As another indicator of turbulent times ahead, according to recent statistics from the Federal Reserve total consumer debt, which includes credit-card debt, auto and student loans, rose 4.8% ($176 billion) year-over-year from the second quarter of last year to $3.87 trillion (not seasonally adjusted). By 2011 standards, when increases exceeded 11%, the 4.8% increase is modest; however, consumer debt has now reached its highest level ever.
Consider these statistics: in Q2 real GDP grew by 2.8% while inflation increased by 2.7% supporting the idea that consumers are continuing to boost the economy with debt. Credit Card debt and other revolving lines of credit rose 5% year-over-year to $1 trillion, auto loans and leases for new and used vehicles rose by 3.6% year-over-year to a record $1.13 trillion, and student loans jumped by 5.8% year-over-year to $1.53 trillion. In fact, since Q2 of 2008 consumer debt has increased by 48% as the consumer price index increased 15.1% and the economy grew at 17.8%.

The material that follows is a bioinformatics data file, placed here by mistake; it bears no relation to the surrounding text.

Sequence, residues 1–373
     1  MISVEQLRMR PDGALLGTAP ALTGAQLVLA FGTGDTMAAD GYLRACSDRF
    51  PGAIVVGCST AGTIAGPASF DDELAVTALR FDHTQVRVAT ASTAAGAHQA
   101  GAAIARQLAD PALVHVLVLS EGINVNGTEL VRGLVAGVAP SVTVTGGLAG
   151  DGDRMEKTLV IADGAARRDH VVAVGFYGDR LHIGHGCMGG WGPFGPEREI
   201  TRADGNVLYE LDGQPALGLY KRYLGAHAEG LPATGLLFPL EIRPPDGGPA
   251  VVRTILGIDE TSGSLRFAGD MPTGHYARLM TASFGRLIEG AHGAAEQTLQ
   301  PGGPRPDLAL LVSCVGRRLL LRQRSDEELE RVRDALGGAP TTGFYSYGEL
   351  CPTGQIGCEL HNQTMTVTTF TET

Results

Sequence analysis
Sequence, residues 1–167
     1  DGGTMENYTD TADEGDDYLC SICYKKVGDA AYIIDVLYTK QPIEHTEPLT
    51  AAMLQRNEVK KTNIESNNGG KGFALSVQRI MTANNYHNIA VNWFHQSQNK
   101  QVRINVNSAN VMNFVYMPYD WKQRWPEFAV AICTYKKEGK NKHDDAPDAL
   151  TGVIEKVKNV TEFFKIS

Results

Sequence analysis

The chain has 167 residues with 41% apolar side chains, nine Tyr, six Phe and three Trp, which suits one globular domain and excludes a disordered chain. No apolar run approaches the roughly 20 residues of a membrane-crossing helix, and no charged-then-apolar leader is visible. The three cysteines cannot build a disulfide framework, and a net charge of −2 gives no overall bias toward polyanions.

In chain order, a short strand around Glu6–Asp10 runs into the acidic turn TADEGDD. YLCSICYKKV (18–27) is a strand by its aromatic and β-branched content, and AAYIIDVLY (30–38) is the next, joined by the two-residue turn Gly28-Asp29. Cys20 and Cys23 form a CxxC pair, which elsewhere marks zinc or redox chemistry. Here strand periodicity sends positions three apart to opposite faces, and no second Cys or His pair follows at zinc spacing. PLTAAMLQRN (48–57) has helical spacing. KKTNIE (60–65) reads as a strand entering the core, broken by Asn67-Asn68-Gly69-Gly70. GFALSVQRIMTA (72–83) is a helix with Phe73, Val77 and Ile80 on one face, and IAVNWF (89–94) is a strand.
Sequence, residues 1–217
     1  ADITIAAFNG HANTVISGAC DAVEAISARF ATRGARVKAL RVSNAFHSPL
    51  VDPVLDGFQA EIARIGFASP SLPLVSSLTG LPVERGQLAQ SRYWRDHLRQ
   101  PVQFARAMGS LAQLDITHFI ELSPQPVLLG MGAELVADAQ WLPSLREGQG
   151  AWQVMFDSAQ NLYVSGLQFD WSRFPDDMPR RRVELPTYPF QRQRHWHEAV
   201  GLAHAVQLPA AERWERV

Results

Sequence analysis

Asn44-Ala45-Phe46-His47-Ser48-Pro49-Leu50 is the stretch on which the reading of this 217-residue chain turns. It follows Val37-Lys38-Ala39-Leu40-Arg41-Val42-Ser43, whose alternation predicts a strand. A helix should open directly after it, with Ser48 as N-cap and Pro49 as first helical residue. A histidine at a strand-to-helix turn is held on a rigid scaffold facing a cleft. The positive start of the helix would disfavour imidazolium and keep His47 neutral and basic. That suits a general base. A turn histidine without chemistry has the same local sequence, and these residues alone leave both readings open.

A thought to consider is what are the driving forces and their potential outcomes. On the one side, the robust economy of recent has made consumers more confident that they will be able to service their debt for years to come. Alternatively, however, the most vulnerable 25% on the consumer-credit scale pay a disproportionate amount in expensive debt to make ends meet. Both scenarios are likely to be unsustainable in the long-term, particularly as the market enters a period of correction.